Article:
The Harrisonburg International Festival is best known for its face painting, cultural dancers, and food, but last Saturday it was clear that the festival also attracts interests that are a little more button down. The first area that greeted newly arrived attendees was not food stands or activity stations, though these were present throughout the grounds, but representatives from banks, area colleges, voter registration, and a variety of other community service interests.
One of the most popular booths in the area was the Rockingham County voter registration booth. Doug Geib, an EMU grad and licensed registrar, was one of the two volunteers at the booth. Geib, a middle-aged man who guided several voters through the process of registering, said that coming to the festival gives voter registration the ability to get noticed. “The festival has evolved. It used to be mostly food,.Now it’s an event that brings in the entire community.” Although Geib denied targeting a specific demographic, he did note that the festival is a place where they receive lots of interest from college students, the homeless community, and others who may not have registered to vote.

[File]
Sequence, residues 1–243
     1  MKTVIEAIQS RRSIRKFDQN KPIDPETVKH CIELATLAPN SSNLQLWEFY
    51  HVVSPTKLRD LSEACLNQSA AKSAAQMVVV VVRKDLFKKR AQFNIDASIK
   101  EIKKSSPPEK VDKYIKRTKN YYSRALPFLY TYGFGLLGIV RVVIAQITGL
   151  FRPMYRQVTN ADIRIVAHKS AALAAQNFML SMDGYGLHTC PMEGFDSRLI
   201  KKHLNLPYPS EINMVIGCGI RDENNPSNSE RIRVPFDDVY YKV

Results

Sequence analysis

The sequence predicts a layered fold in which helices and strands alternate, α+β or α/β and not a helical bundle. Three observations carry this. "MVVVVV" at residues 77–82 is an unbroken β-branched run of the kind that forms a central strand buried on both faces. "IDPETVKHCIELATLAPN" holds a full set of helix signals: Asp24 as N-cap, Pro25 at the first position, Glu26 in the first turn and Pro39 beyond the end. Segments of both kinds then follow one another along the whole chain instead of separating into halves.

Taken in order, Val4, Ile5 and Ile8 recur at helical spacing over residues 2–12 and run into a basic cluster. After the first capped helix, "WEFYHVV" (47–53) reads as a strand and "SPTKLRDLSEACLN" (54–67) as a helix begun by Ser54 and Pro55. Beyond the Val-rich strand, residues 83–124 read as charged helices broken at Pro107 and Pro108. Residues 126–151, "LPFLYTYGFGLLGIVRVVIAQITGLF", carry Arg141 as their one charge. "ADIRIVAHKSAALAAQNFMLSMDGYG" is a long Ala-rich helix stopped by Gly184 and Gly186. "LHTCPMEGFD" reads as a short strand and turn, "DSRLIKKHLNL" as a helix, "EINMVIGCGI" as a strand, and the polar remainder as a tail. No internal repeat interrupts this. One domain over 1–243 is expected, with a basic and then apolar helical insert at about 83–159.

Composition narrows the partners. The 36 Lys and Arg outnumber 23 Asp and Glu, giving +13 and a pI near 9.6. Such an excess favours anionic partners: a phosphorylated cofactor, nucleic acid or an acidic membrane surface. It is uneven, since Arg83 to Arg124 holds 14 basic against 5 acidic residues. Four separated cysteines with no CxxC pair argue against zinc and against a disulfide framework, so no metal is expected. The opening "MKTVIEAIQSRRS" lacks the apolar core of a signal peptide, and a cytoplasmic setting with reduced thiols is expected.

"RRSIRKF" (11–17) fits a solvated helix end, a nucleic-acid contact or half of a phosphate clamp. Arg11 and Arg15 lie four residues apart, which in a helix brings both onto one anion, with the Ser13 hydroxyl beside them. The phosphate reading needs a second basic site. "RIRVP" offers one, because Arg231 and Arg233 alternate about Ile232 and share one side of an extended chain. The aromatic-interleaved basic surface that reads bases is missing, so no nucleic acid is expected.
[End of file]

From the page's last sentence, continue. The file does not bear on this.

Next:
Another booth that was taking advantage of a community event to garner interest was the Massanutten Technical Center, which offers English Programs and General Education Development (GED) tests.
According to Debby Turner, a long time employee of the Center, there has been a special interest in GED tests this year. Turner pointed out that both homeschoolers and recent immigrants often need to become GED recipients to enter college. While these demographics are often difficult to reach, the festival has become a great way for the Center to communicate with both groups. Yet the festival does not necessarily lead to an increase in business. “We get more of our business from word of mouth, newspaper ads, and the internet,” said Turner.
However, Turner also claimed that getting out and being seen was an important part of what the Center is hoping to accomplish. “We feel that we need to be a part of the community, an important part. We need to make our presence felt.”
Turner’s words show just how far the International Festival has come. It is no longer a place exclusively for food vendors and dancers, but has become a meeting place that pulls in newcomers to the Harrisonburg community, from college students to recent immigrants. As the festival looks ahead, it is clear that it will only play a larger and larger role as bankers, English teachers, and college representatives join the food vendors and belly dancers.
David Yoder, Opinion Editor